It was not until several years later, when Louis F. Budenz visited me shortly after his defection from the Communist party, that I learned how the high councils of that party had marked two men on the American radio for silencing: Fulton Lewis, Jr., and Cecil B. deMille. As Louis Budenz put it to me, “We never could get Fulton Lewis; but we got you.” I do not maintain that the officers of AFRA were Communists. The Communists always score their best victories when non-Communists do their work for them.

When the issue was finally drawn, when the deadline and the extended deadline for paying the assessment passed and the union remained adamant, I sat down for one last discussion of it with Mrs. deMille. Not since 1913 had we had so serious a decision to make together. I told her again what refusal to pay the assessment would mean to us: the loss of the $100,000 a year, the loss of my radio program, the likelihood that I would be pilloried as anti-labor and drawn into a controversy that might last for years, with what effect upon our work and our lives no one could say; and on the other side, the simple solution of paying $1 to a cause in which I did not believe.

“Which,” I asked her, “should I choose?”

Generations of Adamses, reaching back to the Revolution, spoke in her answer: “You have no choice.”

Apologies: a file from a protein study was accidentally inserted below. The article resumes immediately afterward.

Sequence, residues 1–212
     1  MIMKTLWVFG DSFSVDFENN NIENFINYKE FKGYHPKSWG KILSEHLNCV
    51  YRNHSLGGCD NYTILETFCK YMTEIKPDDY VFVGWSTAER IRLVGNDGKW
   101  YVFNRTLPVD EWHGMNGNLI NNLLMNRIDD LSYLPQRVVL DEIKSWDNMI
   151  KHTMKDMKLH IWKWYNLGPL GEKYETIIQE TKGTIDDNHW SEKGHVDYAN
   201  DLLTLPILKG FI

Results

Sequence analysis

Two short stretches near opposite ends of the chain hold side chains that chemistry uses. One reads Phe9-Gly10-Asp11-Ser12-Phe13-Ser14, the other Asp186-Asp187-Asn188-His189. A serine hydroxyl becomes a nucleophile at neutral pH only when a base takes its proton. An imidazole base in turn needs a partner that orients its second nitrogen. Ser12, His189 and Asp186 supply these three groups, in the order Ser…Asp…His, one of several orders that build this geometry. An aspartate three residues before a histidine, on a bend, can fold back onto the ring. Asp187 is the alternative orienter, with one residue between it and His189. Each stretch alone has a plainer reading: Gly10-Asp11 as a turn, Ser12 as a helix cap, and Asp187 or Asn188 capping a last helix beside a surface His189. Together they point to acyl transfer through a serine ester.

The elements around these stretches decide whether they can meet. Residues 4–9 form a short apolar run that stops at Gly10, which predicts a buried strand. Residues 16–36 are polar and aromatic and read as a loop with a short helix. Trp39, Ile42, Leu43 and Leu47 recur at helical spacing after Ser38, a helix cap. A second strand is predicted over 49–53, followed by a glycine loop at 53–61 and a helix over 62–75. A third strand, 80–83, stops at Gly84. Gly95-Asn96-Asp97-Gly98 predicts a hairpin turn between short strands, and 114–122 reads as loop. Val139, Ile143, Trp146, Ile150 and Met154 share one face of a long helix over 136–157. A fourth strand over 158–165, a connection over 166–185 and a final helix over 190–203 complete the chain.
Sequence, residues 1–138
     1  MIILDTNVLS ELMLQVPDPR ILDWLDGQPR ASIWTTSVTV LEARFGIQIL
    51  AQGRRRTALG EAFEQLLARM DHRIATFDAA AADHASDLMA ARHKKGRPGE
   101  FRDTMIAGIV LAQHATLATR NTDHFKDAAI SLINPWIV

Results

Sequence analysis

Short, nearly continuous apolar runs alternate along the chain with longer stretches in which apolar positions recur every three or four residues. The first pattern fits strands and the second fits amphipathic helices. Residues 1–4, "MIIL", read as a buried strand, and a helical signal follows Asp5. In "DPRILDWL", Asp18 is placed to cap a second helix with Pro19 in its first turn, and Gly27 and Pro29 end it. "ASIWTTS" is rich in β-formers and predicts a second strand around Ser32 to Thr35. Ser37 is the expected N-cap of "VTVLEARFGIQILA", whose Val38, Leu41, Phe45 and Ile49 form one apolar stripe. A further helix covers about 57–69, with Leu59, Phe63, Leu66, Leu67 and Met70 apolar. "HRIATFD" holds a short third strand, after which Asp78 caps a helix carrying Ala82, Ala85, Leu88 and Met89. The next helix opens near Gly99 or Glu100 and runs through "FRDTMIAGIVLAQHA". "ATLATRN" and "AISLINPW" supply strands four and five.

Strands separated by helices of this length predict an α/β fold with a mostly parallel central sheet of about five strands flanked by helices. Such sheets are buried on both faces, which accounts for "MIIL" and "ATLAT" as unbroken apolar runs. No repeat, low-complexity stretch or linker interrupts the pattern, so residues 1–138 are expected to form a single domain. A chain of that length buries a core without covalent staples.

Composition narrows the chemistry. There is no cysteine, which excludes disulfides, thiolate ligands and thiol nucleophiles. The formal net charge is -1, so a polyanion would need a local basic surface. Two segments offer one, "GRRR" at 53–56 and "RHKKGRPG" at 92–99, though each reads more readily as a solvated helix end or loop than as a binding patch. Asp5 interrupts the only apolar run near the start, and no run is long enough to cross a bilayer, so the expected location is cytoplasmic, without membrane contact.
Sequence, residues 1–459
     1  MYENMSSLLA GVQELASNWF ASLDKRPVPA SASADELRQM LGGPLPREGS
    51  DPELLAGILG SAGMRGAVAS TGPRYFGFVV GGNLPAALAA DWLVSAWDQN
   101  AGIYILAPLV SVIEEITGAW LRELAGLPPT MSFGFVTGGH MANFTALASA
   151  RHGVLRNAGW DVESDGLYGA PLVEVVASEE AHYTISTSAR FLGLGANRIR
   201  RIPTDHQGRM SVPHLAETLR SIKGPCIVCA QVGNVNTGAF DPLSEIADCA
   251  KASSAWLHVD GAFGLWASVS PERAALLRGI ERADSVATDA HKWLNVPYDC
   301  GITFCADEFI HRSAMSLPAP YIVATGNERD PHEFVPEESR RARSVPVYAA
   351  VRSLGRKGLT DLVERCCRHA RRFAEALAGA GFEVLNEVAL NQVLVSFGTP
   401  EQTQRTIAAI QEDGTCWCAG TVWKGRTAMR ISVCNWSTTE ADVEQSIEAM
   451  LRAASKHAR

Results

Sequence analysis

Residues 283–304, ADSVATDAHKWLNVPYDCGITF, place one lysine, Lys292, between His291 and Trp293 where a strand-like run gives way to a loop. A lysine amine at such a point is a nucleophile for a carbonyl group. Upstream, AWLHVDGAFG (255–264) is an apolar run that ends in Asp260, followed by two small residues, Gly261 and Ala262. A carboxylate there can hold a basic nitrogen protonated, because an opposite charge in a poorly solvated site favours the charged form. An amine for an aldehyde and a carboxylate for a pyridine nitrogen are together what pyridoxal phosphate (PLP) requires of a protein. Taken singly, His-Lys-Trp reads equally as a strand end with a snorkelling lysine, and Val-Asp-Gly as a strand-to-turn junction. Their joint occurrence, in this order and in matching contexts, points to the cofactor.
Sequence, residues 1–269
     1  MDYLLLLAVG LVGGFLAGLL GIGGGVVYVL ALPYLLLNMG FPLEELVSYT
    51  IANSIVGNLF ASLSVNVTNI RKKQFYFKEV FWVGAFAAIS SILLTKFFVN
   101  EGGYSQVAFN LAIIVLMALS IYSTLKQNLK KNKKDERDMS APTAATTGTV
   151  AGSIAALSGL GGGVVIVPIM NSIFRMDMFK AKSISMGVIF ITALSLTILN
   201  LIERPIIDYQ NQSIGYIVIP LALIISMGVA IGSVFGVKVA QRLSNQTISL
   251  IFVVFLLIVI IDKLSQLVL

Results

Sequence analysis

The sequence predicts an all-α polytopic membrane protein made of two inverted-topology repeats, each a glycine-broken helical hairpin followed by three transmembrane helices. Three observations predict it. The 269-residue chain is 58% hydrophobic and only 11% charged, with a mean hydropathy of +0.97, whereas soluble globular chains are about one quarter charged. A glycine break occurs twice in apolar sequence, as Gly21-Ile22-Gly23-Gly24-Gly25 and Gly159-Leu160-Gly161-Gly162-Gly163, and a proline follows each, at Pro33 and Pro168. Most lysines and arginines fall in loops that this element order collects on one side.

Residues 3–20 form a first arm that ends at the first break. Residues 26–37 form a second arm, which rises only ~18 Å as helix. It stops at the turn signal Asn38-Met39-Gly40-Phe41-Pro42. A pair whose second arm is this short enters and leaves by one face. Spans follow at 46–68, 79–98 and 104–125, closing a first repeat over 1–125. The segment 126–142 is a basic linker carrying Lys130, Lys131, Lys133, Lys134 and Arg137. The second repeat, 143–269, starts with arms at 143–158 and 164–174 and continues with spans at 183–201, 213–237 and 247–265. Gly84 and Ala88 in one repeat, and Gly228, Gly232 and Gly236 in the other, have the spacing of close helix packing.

I conducted the Lux Radio Theatre of the Air for the last time on January 22, 1945. AFRA has since become AFTRA, the American Federation of Television and Radio Artists. Its ban still holds. Television, as a medium of general entertainment, was almost unknown in 1945; but I am banned as completely from television as from radio.

Since the passage of the Taft-Hartley Act in 1947, no one can be denied the right to work for refusal to pay a political assessment. Not being retroactive, that law is of no benefit to me; but Senator Taft told me that the law would not have been enacted if my refusal to pay the dollar had not drawn public attention to the abuse of union power.

For sounding the first tocsin of what was to become for him and for many thousands a crusade, the credit must go to William M. Jeffers, my old friend of Union Pacific days. Supporting my stand, he invited me to come to Omaha again, on a day dear to his good Irish-American heart, March 17, 1945, and over a nationwide broadcast, which he would arrange, put before the American people the case of political freedom and the right to work. I had lost the right to work in radio; but I still had the right of free speech. I accepted Bill Jeffer’s invitation.